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I want to do binary search and if the target is not there get the index of where it should have been.

This is the code I came up with. It seems correct. Is there any problem? Can it be improved?

private int binarySearch(String[] sortedArray, String target, int start, int end) {

  if(start <= end){
     int mid = (start + end)/2;
     if(sortedArray[mid].equals(target)){
         return mid;
     }
     else if (target.compareTo(sortedArray[mid]) < 0){
         return binarySearch(sortedArray, target, start, mid - 1);
     }
     else{
         return binarySearch(sortedArray, target, mid + 1, end);
     }
  }

  return start;
}
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  • 5
    \$\begingroup\$ Is there a reason you don't use Arrays.binarySearch ? \$\endgroup\$ – barjak Jan 28 '12 at 19:12
5
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2 minor things:

  1. Remove the unnecessary comparison. If

    sortedArray[mid].equals(target)
    

    fails, it will again compare the two strings in the next if condition. Instead, you can just do:

    int c = target.compareTo(sortedArray[mid]);
    if(c == 0)
      return mid;
    else if(c < 0)
      ...
    
  2. To keep the method signature simple, you can overload it and delegate to the one that does the work:

    public int binarySearch(String[] sortedArray, String target) {
      binarySearch(sortedArray, target, 0, sortedArray.length - 1);
    }
    
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5
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One minor thing in addition to the other answers, there's a bug in your mid point calculation:

int mid = (start + end)/2;

it fails if the sum of low and high is greater than the maximum positive int value (2^31 - 1). The sum overflows to a negative value, and the value stays negative when divided by two. In C this causes an array index out of bounds with unpredictable results. In Java, it throws ArrayIndexOutOfBoundsException.

from Nearly All Binary Searches and Mergesorts are Broken

To prevent it from flowing over maximum int range replace it with:

int mid = low + ((high - low) / 2);

A very minor thing, that will only occur on arrays with a very high number of items. But since you asked for improvements of your code ...

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2
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Return start is incorrect. That will only happen if the target is not in the array, so you'll just end up with effectively a random index. Instead, I would use the Iterator pattern to return an Iterator to the target within the array instead of its index. That way you can handle the "not found" case as well.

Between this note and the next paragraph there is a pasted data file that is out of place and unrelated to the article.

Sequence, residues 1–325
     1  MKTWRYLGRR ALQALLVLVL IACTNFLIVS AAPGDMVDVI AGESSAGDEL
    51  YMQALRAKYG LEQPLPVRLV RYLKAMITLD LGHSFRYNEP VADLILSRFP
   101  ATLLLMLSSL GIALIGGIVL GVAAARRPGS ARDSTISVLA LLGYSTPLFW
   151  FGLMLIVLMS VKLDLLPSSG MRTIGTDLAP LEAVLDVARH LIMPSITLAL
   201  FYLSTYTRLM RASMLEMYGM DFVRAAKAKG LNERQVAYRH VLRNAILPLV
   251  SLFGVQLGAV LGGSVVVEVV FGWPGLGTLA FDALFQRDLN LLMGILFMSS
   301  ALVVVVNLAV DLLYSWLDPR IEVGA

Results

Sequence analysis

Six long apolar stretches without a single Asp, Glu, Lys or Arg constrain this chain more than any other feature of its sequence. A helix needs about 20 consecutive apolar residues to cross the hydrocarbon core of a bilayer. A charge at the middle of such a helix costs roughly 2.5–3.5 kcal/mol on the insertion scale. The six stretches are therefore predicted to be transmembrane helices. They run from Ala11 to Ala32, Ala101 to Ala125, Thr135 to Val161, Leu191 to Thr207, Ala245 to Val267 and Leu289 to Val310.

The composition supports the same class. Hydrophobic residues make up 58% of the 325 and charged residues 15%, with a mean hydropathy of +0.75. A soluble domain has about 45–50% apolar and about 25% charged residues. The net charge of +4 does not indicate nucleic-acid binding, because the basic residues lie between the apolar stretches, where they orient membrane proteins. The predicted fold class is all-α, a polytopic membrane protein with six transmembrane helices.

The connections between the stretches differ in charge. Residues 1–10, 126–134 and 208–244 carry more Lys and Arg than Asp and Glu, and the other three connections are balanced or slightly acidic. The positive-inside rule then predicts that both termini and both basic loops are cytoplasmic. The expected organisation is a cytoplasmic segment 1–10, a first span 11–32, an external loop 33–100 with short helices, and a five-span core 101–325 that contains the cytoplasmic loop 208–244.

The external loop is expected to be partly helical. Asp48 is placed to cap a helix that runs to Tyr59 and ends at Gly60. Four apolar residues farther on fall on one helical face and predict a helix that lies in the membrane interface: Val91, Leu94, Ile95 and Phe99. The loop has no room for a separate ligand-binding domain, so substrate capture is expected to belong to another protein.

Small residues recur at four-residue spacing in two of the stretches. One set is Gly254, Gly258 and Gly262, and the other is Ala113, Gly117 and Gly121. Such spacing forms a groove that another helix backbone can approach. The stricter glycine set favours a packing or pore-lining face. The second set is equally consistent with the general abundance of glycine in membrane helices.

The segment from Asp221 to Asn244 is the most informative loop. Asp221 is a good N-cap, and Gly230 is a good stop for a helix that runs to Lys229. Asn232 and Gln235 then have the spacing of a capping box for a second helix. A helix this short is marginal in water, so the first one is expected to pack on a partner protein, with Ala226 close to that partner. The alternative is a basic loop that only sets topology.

Another simpler approach to this would be to just return -1, but then the client has to check against a "magic number", which is generally not a good thing.

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  • \$\begingroup\$ Thanks for the reply.Not sure I follow why return of start is incorrect.If the target is missing, I think that start would return the position it would have occupied.Do you think it does not achieve this? \$\endgroup\$ – user384706 Jan 28 '12 at 17:04
  • \$\begingroup\$ user384706: That is perhaps true, but it's confusing from a usability point of view, since you have to check twice to see if you actually found the result. That is, you'd have to say "int pos = binarySearch(array, word); if(array[pos] == word) { ... }". Additionally, that position would only be true if the array was not modified after the search, so it will quickly become meaningless. \$\endgroup\$ – mindvirus Jan 28 '12 at 17:31
  • \$\begingroup\$ @user384706 The standard solution for the absent element is to return the bitwise complement of the insertion position like here. The bitwise complement is always negative and usually written as -pos-1 instead of ~pos. \$\endgroup\$ – maaartinus Jun 15 '14 at 20:45
1
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minor improvement, to seand's answer

private int binarySearch(String[] sortedArray, String target) {
    binarySearch(sortedArray, target, 0, sortedArray.length - 1);
}

private int binarySearch(String[] sortedArray, String target, int start, int end) {
    if (start > end)
        return start;
    int mid = (start + end) / 2;
    int c = target.compareTo(sortedArray[mid]);
    return (c == 0) ? mid : (c < 0) ?
            binarySearch(sortedArray, target, start, mid - 1) :
            binarySearch(sortedArray, target, mid + 1, end);
}
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1
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You have a recursive implementation, and Java isn't a functional language. If the input is too long, you might simply hit a java.lang.StackOverflowError.

Binary search can simply be written with imperative style, see Arrays.binarySearch.

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  • \$\begingroup\$ This is correct in common. However, in the case of binary search the stack grows with ˋlog(array-size)ˋ. That should not be a problem even when the array has the maximum possible size. \$\endgroup\$ – aventurin Sep 30 '18 at 10:04

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